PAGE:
Creating perfect apples-to-apples comparisons between different systems is very difficult and I ask you to use careful discernment as you make such comparisons. In the Sony a7R II vs. Canon EOS 5Ds R noise comparison, I see more noise in the higher resolution camera (a higher pixel density sensor showing more pixel-level noise is expected), but the difference is slight and partially due to the Canon noise details being rendered slightly sharper (sharpening the noise).
I don't have under and overexposed examples available for the EOS 5Ds R in the noise comparison tool (at least not yet), but do have them for the EOS 5D Mark IV. In this case, the Canon has lower pixel density (and resolution) to its pixel-level noise advantage. With that difference in mind, the a7R II vs. 5D IV comparison shows the 5D IV results having slightly less noise and less grain to the noise when exposures are pushed 3 stops. Whether the less-grain difference is positive or not is a bit of a personal preference and the processing of the RAW images may come into play here.
If you missed the post earlier this week, the Sony a7R II Review page has a brief discussion on the Sony RAW converter and processing settings decision process.
B&H has the Sony a7R II with a $300.00 rebate. As I said before, to get a huge bargain, trade in any camera or lens (even something of very low value) and get an additional $480.00 off of this camera (in addition to the trade-in value) or a significant amount off of many other Sony products.
Note: I use several similar collapsible (albeit smaller) softboxes on a daily basis because of their low cost, easy setup/teardown and flattering – yet well-controlled – light they produce. If you've been experimenting with off-camera flash and have yet to pick up a softbox, pick up this deal to see what you've been missing. [Sean]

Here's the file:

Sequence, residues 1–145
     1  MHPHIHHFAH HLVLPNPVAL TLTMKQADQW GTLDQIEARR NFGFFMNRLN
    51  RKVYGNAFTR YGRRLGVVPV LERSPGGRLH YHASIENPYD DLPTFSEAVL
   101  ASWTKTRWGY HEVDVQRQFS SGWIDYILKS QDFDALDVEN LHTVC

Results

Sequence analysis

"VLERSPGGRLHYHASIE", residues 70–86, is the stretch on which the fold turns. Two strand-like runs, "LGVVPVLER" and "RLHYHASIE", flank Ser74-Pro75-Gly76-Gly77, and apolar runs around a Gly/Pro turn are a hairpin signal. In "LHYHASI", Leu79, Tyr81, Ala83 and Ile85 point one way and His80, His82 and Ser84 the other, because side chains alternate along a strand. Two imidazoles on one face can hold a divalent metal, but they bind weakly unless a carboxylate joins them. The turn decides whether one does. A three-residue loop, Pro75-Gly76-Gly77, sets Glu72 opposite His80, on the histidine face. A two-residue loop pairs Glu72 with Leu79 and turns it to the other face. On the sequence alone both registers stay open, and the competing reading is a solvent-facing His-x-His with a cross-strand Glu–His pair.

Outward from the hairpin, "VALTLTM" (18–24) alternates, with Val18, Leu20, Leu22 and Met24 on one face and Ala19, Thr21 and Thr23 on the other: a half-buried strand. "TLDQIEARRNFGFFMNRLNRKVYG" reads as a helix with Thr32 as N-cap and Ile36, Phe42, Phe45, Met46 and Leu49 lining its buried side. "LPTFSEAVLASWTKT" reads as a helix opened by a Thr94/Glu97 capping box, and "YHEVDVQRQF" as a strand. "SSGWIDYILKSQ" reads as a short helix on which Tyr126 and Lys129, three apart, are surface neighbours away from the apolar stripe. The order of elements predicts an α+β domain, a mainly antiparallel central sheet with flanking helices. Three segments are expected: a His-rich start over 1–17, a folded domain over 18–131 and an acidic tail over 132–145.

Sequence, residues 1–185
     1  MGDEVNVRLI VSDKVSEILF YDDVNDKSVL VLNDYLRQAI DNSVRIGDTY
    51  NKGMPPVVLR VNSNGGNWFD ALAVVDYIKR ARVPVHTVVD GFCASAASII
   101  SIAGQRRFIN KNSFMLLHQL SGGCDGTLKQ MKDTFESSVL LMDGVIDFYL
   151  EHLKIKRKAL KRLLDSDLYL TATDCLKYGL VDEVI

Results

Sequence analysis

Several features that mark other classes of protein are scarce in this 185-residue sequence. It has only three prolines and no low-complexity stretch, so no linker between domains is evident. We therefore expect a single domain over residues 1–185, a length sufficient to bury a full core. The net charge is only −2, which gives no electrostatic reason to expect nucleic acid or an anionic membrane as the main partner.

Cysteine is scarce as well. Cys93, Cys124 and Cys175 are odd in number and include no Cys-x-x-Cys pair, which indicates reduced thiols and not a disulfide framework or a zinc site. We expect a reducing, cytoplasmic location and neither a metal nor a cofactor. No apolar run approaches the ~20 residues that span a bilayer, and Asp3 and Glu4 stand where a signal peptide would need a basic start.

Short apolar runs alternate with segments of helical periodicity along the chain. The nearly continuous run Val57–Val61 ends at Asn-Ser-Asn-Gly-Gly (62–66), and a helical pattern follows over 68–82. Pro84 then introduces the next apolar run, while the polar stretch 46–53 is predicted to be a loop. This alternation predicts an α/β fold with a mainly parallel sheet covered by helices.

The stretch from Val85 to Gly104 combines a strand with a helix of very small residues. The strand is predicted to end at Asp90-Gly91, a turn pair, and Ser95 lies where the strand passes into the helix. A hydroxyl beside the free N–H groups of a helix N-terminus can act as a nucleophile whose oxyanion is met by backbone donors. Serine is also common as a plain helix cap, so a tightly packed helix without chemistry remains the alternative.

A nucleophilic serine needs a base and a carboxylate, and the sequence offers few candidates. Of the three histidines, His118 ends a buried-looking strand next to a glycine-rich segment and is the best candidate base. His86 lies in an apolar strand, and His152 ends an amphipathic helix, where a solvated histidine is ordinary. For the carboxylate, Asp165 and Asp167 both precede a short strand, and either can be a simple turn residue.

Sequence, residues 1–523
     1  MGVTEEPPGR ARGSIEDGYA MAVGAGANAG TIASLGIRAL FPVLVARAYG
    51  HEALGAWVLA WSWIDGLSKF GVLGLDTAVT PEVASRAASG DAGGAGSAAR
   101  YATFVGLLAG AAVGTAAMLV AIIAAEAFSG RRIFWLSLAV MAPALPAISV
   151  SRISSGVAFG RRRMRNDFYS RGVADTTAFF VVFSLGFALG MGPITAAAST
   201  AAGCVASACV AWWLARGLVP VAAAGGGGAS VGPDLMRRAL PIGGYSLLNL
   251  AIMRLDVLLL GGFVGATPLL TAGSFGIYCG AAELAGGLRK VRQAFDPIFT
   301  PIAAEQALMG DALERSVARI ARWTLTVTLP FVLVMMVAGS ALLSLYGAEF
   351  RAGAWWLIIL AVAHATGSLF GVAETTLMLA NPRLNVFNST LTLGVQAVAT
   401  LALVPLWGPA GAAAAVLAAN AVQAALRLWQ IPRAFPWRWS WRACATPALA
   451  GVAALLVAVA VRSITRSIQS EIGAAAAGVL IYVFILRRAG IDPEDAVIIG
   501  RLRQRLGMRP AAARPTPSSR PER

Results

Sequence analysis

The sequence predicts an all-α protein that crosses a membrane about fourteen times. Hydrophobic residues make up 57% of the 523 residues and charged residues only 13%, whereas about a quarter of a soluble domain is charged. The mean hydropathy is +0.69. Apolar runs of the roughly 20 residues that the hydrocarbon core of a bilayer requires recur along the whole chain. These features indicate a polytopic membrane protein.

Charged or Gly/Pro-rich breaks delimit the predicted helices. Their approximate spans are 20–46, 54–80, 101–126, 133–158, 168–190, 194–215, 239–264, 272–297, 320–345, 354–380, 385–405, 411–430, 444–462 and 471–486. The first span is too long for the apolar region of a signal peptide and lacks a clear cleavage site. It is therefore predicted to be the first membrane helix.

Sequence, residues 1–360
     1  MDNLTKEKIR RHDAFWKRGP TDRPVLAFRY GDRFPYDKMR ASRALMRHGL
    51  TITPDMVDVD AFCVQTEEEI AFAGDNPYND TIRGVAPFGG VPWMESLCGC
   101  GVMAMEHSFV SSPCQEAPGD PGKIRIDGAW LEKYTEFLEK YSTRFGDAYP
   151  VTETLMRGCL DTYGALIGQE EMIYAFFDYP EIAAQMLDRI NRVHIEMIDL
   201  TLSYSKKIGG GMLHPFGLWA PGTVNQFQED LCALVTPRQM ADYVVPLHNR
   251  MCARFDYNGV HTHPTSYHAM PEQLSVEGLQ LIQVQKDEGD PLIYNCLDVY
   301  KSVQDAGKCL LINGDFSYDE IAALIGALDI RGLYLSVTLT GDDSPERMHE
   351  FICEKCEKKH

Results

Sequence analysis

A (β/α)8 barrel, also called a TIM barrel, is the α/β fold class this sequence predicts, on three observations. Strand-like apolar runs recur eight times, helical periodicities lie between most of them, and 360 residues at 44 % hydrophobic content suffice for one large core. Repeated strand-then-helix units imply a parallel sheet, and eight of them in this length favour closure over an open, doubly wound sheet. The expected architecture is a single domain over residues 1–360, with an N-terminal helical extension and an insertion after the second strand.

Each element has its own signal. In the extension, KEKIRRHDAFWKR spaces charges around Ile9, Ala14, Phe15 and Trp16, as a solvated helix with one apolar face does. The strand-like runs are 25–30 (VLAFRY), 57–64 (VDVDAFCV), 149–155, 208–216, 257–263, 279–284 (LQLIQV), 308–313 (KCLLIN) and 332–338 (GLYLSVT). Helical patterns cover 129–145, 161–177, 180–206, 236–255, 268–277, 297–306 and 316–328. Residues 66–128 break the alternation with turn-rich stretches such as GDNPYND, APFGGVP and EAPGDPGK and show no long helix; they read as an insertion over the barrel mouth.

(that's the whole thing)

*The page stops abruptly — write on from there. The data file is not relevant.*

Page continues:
As many people know, our National Parks are seeing ever increasing numbers of visitors which means traffic jams, long waits, and huge crowds at the better known photo spots. The good news is that almost everyone disappears after the sunset fades. Chris and Lance are two of the five instructors that make up National Parks at Night, and they will show you how to make the most of your visit to any national park and experience them in ways that most people never do. National parks have some of the darkest skies in the country, which means they are filled with amazing views of the Milky Way.
Lance has been photographing at night for 30 years, and has almost 20 years experience teaching night photography, and Chris literally wrote the book on photographing national parks. Together they will share their experiences photographing the night sky in Parks like Acadia, Yosemite, Joshua Tree, Death Valley, Zion, and many others. They will also present general tips on night photography, including techniques and gear for working in natural light situations.
You might remember that the GoPro Karma was announced in September of last year, released a short time later, and then quickly recalled due to power failures mid-flight. According to GoPro, the issue has been resolved in upcoming re-release of the drone.
Doubled Capacity Allows Cinematographers, Filmmakers, and Content Creators to Capture Highest-Quality 4K Video and Beyond
MILPITAS, Calif., Jan. 31, 2017 – Lexar, a leading global brand of flash memory products, today announced doubled capacity for the Lexar Professional 3500x CFast 2.0 memory card, providing the capacity and speed thresholds needed for cinematographers, filmmakers, and content creators to capture the highest-quality 4K and ProRes video and RAW photos. The new 512GB capacity card is designed to address the exacting demands of today's top content innovators. The Lexar Professional 3600x CFast 2.0 card line, specifically optimized for ARRI cameras, will also double in capacity to 512GB in the first half of 2017.